In honor of National Primary Care Week 2014, we're running blog posts all week that recognize underserved and marginalized communities and the those who serve them. This piece from our archives first ran in 2012.
By Joe Tobias
Earlier this year I heard Jack Geiger
deliver Grand Rounds in the Social Medicine Department of Montefiore Medical Center
. A physician well into his 80s, Geiger still travels the country promoting medicine as social rehabilitation—a model he has championed for the past fifty years. In the Mississippi Delta, in the racially divided South of the 1960s, Geiger started the nation’s first community health center. Not only did the center treat North Bolivar County residents’ acute medical problems, it also empowered them to lead better lives: to learn the skills they needed to stay healthy, to obtain the education that poverty had unjustly denied them and to realize their potential.
Variations on Geiger’s model now exist in more than one thousand underserved communities in the United States. On a purely statistical basis, community health centers are impressive: they really do improve the health of 20 million people in the United States each year, 40 percent of whom are insured by Medicaid. But what is perhaps more impressive than their statistics is the philosophy that underlies the model, one that charges primary care physicians with the responsibility of ensuring that patients are leading good lives.
I witnessed this kind of primary care as a social worker in the South Bronx. Like North Bolivar County in the 1960s, the Bronx is a medically underserved area
. This means that there are too few primary care doctors to manage the severity of the population’s health problems. In the northernmost borough of New York City, 43 percent of children live below the federal poverty line. And given the link between poverty and disease, it follows that 11 percent of the borough’s 1.4 million people have diabetes (compared to a national average of 8 percent), 30 percent are obese (compared to 26.5 percent nationally) and 16 percent have asthma (compared to 8 percent).
The link between poverty and substance abuse is also strong. As a social worker in the substance use division of the Bronx welfare system, it was my job to help men and women on welfare get treatment for substance abuse. Addiction, especially to heroin, crack and alcohol, is unimaginably difficult to overcome. Yet through group therapy, individual counseling and medication, the welfare system in New York City hopes that substance users will get better. Treatment is therefore a condition of receiving welfare checks. In this directive towards recovery, at once coercive and humane, one of the single most rewarding things I got to do as a social worker was to connect my clients to primary care doctors who share Geiger’s philosophy.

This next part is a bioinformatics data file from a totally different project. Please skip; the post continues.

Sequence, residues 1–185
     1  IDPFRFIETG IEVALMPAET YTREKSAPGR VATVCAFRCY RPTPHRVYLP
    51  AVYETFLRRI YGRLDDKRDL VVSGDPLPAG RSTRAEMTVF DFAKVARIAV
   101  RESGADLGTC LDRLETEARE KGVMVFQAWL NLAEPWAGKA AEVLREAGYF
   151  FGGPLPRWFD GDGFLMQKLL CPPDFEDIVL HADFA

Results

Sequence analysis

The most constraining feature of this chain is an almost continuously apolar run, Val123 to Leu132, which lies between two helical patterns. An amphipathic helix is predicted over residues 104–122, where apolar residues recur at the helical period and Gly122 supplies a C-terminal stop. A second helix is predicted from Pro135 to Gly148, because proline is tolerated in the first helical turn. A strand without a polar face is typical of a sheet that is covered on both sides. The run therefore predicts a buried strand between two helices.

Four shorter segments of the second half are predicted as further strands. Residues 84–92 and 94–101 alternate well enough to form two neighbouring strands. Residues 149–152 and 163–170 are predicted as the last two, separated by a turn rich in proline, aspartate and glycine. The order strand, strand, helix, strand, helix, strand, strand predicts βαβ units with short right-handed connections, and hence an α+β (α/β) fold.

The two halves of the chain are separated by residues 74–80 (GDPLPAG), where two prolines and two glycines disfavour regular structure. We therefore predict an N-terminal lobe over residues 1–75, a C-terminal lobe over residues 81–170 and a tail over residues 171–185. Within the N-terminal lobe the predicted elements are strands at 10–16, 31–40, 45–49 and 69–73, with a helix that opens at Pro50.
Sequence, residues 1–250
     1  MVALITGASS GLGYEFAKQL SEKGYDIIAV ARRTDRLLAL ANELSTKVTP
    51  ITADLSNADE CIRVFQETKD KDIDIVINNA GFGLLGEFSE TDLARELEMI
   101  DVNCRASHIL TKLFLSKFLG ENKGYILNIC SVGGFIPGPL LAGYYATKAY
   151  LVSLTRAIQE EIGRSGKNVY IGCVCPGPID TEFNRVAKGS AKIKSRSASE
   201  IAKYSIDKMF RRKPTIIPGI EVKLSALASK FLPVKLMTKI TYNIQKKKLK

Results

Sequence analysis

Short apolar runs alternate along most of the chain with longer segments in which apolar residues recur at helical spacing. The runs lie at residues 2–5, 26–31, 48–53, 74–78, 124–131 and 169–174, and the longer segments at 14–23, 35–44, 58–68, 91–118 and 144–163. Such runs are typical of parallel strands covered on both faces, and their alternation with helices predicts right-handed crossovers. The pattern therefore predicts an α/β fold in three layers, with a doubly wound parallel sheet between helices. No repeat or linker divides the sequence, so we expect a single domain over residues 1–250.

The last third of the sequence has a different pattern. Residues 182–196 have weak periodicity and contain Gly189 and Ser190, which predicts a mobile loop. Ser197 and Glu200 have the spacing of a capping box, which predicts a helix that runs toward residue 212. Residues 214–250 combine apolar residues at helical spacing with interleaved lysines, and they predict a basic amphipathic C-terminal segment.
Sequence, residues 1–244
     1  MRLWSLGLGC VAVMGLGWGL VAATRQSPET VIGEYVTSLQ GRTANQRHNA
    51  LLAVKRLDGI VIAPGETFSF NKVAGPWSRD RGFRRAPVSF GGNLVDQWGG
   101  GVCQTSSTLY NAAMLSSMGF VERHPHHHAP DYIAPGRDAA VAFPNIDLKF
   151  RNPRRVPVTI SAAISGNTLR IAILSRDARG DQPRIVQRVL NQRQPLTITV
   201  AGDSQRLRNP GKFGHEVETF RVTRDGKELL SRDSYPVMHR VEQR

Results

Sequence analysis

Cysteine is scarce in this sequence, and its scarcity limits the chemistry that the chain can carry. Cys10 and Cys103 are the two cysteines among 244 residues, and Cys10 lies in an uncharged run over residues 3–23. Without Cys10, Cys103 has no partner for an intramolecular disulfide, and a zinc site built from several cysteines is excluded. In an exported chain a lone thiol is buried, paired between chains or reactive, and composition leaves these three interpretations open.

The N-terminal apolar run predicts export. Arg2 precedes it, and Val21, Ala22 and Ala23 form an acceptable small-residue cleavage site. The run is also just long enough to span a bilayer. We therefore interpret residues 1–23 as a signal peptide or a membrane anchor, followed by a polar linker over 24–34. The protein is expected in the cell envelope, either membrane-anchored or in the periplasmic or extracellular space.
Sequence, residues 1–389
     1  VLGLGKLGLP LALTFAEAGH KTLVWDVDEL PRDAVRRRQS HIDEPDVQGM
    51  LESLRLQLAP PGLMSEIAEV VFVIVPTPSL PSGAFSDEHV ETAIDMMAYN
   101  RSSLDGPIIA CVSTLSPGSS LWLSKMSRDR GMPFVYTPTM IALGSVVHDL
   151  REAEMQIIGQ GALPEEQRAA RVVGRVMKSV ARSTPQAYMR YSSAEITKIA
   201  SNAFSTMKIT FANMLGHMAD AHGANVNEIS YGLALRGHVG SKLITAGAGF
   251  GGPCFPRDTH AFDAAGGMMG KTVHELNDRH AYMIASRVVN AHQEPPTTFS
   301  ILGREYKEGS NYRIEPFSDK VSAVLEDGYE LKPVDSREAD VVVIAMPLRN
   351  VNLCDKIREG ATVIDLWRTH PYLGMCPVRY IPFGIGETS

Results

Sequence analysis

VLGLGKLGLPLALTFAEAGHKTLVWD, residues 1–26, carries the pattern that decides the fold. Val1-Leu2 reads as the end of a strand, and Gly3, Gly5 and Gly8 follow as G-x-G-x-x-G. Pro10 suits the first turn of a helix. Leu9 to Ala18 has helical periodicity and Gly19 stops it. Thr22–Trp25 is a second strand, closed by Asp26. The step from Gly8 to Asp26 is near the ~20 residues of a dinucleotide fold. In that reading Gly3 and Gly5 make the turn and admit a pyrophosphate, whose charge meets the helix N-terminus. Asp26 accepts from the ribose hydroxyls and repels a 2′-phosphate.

I recall one client in particular whose story demonstrates the power of this philosophy. After twenty years of living as a functional alcoholic, this 45 year-old-man from Georgia ended up homeless on the streets of New York suffering alcohol-induced seizures. At the end of periods of temporary sobriety in inpatient rehabilitation facilities followed by episodes of drinking and homelessness, he became my client.
On welfare and enrolled in a drug treatment program, he met with me each week as I connected him to the medical and social services he needed in order to recover. For primary care, I referred him to the Montefiore Comprehensive Health Care Center. Within several weeks, he had a doctor, a talented woman who referred him to a psychiatrist, social worker, physical therapist and orthopedic specialist. She listened to his complaints of chronic back pain, diagnosed lifelong scoliosis, and more profoundly, recognized the feelings of persistent hopelessness that attend depression.
What is more, she used the power of an MD’s signature to help me do my job. Her signature helped him apply for supportive housing for homeless men in recovery from drug addiction and enrolled him in vocational training in order to ensure that he earns more than a welfare allowance of $68.50 every two weeks. As his primary care doctor, she had a hand in every aspect of his health, which means she had a hand in every aspect of his life.
Of course, she did not do this alone. Between his psychotherapist, drug counselor, various specialists and me, there was a team of people working towards his recovery. Most importantly, all of our efforts would have been meaningless but for his formidable resolve to change his circumstances. “I won’t go back to where I have been,” he used to repeat.
There are two extraordinary parts of this story: the first is my client’s readiness to recover from addiction; the second is the kind of primary medical care he was able to receive at the Montefiore Comprehensive Health Care Center. Like the model of medicine Geiger established in Mississippi, which persists in community health centers across the United States, this was primary care conceived as total responsibility—primary care not only for the physical health of the patient, but for the betterment of his life. And in communities like the Bronx, my client’s experience is proof that, as Geiger promised at Grand Rounds, medicine is very much suited to the task of social rehabilitation.
Hailing from America's friendly neighbo(u)r to the north, Joe Tobias was a 2010 Harvard Center for Public Interest Careers fellow at Montefiore Medical Center in the Bronx. He hopes to join his twin sister in medical school by 2014.
Updated October 10, 2014.